I've experimented some with "street" photography, and I've come to a few realizations. First of all, I don't like it all that much. It's not that I don't like photos of people in real-world situations, far from it. I'd prefer a portrait of someone as they are to a studio portrait any day of the week. But the way street photographers take photos is at its best a tad dishonest, and at its worst crappy snapshots. "Shooting Street" usually involves trying to take someone's photo while they're unaware of it, on the sly. When subjects find out what you're doing, many times they react angrily, and who can blame them? You're skeeving around trying to sneak photographs of people, why would they not be creeped out?
The photo posted here isn't really an example of street photography at all, but it's indicative of what I'm talking about. Working with a giant camera like my Mamiya Press, it's impossible to not be noticed and recognized for what you really are - a photographer taking pictures of people with a huge camera. You don't get the intimate candid snaps that you might if you were working with, say, a Leica, but I'd argue that kind of photography has been done to death. I mean really, who is going to top Henri Cartier-Bresson in that realm?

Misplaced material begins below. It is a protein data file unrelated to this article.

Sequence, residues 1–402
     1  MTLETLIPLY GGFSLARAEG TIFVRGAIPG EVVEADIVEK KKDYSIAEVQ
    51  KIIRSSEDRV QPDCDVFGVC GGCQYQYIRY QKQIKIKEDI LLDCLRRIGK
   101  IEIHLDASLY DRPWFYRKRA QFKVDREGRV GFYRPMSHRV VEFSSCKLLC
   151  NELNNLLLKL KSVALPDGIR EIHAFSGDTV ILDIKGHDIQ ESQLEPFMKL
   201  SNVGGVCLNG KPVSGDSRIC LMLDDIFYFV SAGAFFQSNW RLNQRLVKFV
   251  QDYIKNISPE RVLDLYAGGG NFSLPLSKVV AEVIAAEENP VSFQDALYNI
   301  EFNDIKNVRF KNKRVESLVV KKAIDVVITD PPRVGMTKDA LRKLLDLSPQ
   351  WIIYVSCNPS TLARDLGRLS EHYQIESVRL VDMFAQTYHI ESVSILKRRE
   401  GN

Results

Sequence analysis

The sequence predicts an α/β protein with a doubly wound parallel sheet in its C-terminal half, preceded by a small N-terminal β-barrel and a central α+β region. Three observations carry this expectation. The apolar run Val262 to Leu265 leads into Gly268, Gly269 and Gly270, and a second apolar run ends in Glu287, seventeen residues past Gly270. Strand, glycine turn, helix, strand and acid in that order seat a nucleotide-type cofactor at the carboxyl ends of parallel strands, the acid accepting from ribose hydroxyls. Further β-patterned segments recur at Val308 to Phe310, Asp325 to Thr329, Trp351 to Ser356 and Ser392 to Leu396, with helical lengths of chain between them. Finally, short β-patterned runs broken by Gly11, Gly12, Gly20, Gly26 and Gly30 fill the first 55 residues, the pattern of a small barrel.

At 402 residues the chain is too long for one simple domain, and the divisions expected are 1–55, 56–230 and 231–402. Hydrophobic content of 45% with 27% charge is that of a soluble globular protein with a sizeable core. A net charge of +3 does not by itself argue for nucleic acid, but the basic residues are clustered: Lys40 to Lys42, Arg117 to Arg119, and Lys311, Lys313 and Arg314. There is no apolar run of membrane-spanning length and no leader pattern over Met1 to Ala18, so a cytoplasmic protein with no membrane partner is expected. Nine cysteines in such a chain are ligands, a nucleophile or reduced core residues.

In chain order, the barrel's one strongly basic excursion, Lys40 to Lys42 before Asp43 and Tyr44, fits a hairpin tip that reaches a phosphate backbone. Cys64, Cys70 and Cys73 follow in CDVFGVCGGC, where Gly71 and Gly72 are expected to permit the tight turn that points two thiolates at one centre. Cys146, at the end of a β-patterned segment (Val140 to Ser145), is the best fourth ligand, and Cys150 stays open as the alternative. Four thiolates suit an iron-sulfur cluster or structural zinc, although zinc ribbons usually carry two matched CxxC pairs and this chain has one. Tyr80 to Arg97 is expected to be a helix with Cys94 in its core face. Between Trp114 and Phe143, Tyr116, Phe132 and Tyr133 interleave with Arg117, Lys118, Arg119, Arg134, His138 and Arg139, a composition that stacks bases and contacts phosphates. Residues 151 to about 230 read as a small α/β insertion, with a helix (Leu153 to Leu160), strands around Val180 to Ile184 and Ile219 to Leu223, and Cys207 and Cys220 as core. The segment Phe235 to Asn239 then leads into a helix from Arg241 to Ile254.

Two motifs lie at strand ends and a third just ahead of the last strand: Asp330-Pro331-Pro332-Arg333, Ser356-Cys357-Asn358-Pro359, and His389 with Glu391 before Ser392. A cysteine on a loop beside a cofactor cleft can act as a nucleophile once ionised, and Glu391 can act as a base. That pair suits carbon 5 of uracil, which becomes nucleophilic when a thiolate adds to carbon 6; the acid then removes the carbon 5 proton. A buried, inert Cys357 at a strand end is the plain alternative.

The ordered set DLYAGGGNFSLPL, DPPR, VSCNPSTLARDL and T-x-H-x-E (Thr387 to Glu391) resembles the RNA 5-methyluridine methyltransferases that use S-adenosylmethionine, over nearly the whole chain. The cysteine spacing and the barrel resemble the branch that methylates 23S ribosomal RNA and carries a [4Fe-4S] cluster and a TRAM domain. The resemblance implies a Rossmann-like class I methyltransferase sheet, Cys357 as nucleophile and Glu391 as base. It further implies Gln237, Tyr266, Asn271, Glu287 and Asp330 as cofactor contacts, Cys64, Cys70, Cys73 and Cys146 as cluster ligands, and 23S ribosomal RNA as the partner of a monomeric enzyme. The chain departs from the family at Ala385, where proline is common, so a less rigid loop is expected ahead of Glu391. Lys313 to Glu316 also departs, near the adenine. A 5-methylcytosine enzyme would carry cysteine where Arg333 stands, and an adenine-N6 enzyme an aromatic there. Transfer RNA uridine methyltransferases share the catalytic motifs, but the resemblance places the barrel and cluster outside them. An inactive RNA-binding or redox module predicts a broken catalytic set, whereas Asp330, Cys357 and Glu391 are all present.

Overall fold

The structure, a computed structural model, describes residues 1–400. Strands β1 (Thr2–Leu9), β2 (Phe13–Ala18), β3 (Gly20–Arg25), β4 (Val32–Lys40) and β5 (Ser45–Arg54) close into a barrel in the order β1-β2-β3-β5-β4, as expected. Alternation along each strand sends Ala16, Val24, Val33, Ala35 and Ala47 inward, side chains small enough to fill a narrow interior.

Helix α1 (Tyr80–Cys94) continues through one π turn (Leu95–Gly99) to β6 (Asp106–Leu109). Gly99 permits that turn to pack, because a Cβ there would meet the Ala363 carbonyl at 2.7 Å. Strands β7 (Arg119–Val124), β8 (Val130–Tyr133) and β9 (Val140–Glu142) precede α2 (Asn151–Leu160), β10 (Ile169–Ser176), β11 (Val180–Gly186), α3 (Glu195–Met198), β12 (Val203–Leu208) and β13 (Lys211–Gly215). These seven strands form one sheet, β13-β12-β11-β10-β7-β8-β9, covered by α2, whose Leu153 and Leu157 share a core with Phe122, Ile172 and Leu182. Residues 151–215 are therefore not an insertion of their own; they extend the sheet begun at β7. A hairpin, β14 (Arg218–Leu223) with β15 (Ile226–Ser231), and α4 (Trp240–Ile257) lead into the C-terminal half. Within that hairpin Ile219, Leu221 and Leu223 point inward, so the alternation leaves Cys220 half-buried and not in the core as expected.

With my Mamiya, I'm looking for something different. An exploration of the relationship between the subject and the photographer, where there is a personal connection made. In the photo here, I was stopped on the streets of Chicago by a woman who wanted me to take her photo. She looked at me, and said, "I love having my picture taken." There's more going on than at first glance too - is that her car? Why does she love having her photo taken? Why does she feel the need to pose? It's like, in an instant, subject and photographer fall into the expectations that their roles imply, and a photo is the result.
I'm Vector Einstein, or VE for short. I drive around in a electric vehicle, or EV for short. With the help of an infinite number of monkeys, on an infinite number of typewriters, we write a little blog called "Electricity in the Motor City," or E=MC for short.